How to Write an RFP the Right Way

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To get the best results from an RFP, it needs to be written correctly. There are lots of common mistakes you might make, especially if you’ve not got much or any experience of RFPs. A poorly-written RFP or one that contains too little (or too much) information may do more harm than good, putting off certain agencies and preventing you from finding the right partner.

In this section, we’ll break down the process of correctly writing an agency RFP into six easy-to-follow steps.

Step 1 – Introduce Your Business

Every RFP needs to begin with a clear introduction of the business or organization making the request. This effectively sets the scene for the rest of the proposal, letting providers know right away what kind of business they’ll be working with, should they choose to respond.

You don’t need to go into too much detail here. Instead, simply introduce your firm, the kind of work you do, and perhaps highlight your brand’s unique selling point (USP) or anything else you feel prospective partners need to know.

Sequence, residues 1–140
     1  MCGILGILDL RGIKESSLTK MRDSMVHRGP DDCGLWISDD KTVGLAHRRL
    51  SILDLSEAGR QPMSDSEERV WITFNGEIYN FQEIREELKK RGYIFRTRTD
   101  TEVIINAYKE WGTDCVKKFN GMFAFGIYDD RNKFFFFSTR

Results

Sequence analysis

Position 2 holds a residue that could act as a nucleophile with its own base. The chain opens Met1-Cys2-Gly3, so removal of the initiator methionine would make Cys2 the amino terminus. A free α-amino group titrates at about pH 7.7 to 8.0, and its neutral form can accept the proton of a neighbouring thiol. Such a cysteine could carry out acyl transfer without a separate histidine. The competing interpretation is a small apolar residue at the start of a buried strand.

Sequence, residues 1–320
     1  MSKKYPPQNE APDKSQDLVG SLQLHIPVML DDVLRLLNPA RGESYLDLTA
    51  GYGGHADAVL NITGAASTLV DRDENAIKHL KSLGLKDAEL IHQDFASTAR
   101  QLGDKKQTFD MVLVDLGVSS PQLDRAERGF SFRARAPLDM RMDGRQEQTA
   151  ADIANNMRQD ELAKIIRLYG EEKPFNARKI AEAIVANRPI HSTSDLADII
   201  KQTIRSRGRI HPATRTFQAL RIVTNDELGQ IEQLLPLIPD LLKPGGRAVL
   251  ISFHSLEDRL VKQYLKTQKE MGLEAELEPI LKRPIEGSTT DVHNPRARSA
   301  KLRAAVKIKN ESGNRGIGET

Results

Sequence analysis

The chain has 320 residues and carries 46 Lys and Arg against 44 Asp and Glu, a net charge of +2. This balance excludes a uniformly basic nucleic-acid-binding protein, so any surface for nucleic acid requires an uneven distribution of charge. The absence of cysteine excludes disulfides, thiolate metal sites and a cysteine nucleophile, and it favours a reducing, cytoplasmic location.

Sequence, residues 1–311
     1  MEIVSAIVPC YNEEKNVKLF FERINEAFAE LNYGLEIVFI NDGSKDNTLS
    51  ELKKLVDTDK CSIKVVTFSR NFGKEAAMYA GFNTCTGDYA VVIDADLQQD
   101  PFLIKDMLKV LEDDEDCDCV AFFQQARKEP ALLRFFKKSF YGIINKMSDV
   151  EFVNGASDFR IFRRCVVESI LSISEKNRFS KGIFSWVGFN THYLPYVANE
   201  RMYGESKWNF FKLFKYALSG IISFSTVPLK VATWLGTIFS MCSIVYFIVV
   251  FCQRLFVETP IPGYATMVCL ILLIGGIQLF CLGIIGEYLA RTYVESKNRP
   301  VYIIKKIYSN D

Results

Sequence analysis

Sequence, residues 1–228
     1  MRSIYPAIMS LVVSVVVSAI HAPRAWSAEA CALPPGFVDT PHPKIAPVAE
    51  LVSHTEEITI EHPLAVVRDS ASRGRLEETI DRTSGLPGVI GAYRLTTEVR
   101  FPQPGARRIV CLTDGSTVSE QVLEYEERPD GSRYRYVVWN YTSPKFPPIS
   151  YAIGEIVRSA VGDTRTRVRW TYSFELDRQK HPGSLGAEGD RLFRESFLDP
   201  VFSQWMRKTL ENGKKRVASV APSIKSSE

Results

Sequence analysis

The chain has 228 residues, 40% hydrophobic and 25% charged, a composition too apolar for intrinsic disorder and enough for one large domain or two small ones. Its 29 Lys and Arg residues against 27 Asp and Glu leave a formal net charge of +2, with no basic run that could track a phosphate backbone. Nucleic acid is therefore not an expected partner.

Step 2 – Provide an Overview of Your Project or Situation

The next, and arguably most important part of the RFP, is to outline the project or situation your business is in. This is where you can start to discuss what kind of service or product you’re looking for, explaining why your business needs the product in question.

This is particularly useful for prospective partners. They can use the info you provide to ascertain whether they’re the right fit for the project or not. If so, they can then tailor their response accordingly to align with your demands.

As with most other sections of the RFP, it’s recommended to keep this section as clear and to-the-point as possible. Outline what you want, what kind of vendor you hope to work with, and the main aims of your desired collaboration.